Yet, despite the fact that the Hungarian government enacted one antisemitic decree after another, it drew the line at allowing the Germans to deport the Jews to the death camps. The landowners and bureaucrats who served under Admiral Miklós Horthy, Hungary’s then regent, had no stomach for such extreme measures. This meant that by early 1944, after most of European Jewry had already been murdered, almost 800,000 Jews in Hungary still lived in their own homes— economically beleaguered but, to all intents and purposes, physically safe. But this safety was more precarious than most Jews realized. The Hungarian army had already carried out massacres of Jews in Ukraine and Yugoslavia, and there were many Hungarian fascists who were chomping at the bit to take power from the conservatives and do Hitler’s bidding by deporting all the Jews to the death camps.

Until March 1944, Esther and her family lived in Mukachevo in tenuous security. Millions of Jews had been killed—many just a few miles away, across the borders with Galicia and Slovakia—but in Mukachevo, Esther’s father eked out a living, the children went to school, and the family continued to observe Jewish holidays. Yes, they had heard about the mass killings in Poland, but such things, they believed, would not happen in Hungary. Admiral Horthy and his friends would never allow it.

In March 1944, Hitler, having learned of Hungarian peace overtures to the West, abruptly summoned Horthy and informed him that Germany would occupy Hungary and install a new, radical right-wing government, led by Döme Sztójay, a rabid fascist and Jew-hater. Horthy remained as regent, but he now toed the new line. Within days, special groups of SS “Jewish experts,” headed by Adolf Eichmann, arrived to plan the deportation of Hungarian Jews to Auschwitz. Between May 15 and July 7, almost 450,000 Hungarian Jews were sent to Auschwitz. About two-thirds were immediately sent to the gas chambers.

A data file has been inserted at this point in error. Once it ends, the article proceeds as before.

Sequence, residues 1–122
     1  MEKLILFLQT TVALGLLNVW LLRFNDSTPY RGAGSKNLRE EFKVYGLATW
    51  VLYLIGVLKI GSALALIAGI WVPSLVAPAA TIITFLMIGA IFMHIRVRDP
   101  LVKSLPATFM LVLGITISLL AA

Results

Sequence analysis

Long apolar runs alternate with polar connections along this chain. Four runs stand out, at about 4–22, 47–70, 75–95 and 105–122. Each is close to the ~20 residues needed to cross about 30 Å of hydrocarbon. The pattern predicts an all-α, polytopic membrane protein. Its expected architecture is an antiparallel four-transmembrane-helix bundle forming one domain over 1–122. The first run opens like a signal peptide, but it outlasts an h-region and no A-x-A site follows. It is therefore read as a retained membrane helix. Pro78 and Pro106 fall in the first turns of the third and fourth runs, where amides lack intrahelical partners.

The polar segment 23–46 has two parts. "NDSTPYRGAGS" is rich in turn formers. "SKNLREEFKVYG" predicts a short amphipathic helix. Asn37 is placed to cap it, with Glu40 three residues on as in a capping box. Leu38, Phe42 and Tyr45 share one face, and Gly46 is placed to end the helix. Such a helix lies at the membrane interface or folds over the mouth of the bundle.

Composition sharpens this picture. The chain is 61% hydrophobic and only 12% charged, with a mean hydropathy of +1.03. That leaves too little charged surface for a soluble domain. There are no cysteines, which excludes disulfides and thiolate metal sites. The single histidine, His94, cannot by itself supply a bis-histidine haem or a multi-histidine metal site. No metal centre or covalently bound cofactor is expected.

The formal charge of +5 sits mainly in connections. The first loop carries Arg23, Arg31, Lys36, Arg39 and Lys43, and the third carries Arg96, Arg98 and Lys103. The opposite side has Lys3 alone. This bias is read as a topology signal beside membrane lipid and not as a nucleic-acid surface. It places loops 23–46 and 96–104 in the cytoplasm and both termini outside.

The destruction of Hungarian Jewry proceeded smoothly and efficiently, mainly because the Germans enjoyed the full and enthusiastic cooperation of the Hungarian government, civil service, gendarmerie, and military. The Catholic church showed some interest in speaking up for Jewish converts but otherwise maintained a deafening silence.

One might well ask, how was it possible for the Germans to deport almost half a million Jews out of Hungary so late in the war? Hadn’t the Hungarian Jews already learned of the Final Solution? Why didn’t more try to escape or hide? After all, the Red Army was by now approaching from the East. But such questions are easy to ask after the fact. For years the Jews in Hungary had been physically safe, and their leaders had assured them that they would remain so, even if Hungary’s government might harass them. The young men who might have organized some form of resistance were scattered in the labor battalions. And the Jews of Mukachevo, as well as those in the rest of Hungary, were surrounded by a wall of hostility and indifference. Even if they knew where they were going, what could they have done? To quote Yehuda Bauer, “They were caught on an island in shark-infested waters, and they had no boat. If the island was flooded, they were doomed.”